Exploring and Speculating in the Snow

Snow is a great boon to anyone trying to figure out what’s happening in the prairie during the winter. I’m just a casual observer, not a researcher of winter activity, but it’s definitely a topic of interest. A fresh snow fall provides a chance to look at tracks and try to interpret what’s happening.

Last week, I saw a couple interesting things in nearby snow-covered prairies. The first is something I’ve seen often before, which is evidence of the importance of western ragweed as a winter food. Ragweed plants sticking up above the snow are very commonly surrounded by bird tracks, and I saw lots of that at our family prairie last week.

Western ragweed (Ambrosia psilostachya) sticking out above the snow last week, showing the large nutritious seeds just sitting there ready to eat!
Bird tracks around western ragweed plants.

I know people tend to scoff at, or actively dislike ragweed, but it’s hard to dispute its value to wildlife. I understand those of you with severe allergies to ragweed pollen not being fans. Beyond that, though, it tends to get an undeserved bad rap from farmers/ranchers who mistakenly think it is aggressive and outcompetes grasses. The reverse is true – its populations expand when the grasses are weakened and shrink when grasses are strong.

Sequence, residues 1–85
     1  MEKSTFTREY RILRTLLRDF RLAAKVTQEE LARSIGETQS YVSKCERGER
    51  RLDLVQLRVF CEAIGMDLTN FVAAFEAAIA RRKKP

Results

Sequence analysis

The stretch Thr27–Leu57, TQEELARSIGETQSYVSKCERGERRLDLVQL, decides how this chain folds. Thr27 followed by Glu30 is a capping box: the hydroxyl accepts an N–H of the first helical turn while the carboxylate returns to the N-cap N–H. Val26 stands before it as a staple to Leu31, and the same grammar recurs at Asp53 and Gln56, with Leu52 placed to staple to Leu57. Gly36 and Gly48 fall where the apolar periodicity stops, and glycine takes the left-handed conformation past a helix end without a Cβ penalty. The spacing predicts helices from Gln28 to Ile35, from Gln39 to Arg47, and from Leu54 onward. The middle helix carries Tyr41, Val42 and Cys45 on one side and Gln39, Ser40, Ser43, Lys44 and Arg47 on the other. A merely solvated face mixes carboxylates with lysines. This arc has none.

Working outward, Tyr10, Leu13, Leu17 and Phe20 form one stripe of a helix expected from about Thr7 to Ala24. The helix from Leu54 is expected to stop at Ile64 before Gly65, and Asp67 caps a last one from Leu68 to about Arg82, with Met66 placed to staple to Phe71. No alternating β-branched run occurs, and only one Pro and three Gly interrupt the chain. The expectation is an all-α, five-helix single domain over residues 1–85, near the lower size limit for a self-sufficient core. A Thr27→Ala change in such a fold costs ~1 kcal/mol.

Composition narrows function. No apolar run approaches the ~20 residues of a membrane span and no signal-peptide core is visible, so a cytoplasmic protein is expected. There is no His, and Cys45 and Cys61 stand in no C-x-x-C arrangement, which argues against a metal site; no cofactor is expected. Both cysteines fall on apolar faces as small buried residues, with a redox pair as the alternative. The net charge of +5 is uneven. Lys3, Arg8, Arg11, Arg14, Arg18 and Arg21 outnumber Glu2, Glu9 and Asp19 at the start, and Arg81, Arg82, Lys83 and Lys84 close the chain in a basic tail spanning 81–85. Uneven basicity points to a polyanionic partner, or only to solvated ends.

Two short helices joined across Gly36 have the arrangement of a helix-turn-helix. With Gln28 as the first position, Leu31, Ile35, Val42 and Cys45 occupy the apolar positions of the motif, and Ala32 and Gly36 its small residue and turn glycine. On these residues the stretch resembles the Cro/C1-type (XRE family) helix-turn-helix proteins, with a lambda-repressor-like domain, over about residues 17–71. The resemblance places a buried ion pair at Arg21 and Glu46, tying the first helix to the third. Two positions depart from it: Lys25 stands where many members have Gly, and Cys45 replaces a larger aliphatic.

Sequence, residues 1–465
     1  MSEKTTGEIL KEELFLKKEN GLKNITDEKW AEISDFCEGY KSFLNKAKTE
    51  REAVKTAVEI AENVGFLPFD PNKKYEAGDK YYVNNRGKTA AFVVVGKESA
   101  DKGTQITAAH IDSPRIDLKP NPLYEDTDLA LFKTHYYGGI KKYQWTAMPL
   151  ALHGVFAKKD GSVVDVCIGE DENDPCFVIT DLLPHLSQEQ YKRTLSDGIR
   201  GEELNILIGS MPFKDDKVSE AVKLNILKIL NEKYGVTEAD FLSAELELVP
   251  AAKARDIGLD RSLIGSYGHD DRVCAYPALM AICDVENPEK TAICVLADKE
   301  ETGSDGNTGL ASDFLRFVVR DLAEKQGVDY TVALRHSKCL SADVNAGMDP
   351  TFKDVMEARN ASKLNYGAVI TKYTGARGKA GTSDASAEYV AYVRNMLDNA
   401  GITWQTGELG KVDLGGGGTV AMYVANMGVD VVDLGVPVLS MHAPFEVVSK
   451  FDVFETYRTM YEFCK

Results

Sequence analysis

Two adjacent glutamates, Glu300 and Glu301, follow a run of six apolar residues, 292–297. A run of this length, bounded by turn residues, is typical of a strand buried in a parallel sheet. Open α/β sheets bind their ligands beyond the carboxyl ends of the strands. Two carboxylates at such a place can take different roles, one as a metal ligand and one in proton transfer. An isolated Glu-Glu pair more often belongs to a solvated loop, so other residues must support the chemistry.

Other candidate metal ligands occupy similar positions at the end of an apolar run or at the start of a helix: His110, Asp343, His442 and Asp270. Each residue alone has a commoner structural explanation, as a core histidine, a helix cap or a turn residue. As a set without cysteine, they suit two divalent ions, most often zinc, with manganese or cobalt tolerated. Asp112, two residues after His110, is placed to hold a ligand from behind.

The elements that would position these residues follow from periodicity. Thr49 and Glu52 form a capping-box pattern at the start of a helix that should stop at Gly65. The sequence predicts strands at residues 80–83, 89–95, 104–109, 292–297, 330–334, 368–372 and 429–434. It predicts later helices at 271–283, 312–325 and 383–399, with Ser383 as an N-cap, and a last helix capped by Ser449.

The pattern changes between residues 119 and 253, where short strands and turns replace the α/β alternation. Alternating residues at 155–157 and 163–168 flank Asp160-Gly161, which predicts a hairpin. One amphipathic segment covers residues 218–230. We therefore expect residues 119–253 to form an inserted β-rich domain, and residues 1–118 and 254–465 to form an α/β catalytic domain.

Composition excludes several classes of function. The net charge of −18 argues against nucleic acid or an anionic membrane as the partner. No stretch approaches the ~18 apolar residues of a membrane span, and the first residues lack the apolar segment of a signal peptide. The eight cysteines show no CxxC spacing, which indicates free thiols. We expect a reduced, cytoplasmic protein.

Others dismiss it because it is a ‘weed’ and/or doesn’t have showy flowers to attract pollinators. Sure, it’s very common, and perpetual high abundance can be a sign of poor prairie management, but it’s also a native plant that plays an important role in grasslands. In addition to its ability to fill and temporarily hold space when the surrounding plant community is stressed, it’s impossible to dismiss the attractiveness of its seeds to wildlife. If you have any doubt, look for ragweed plants the next time you’re in a snowy prairie. Most likely, you’ll be able to follow tracks right to them!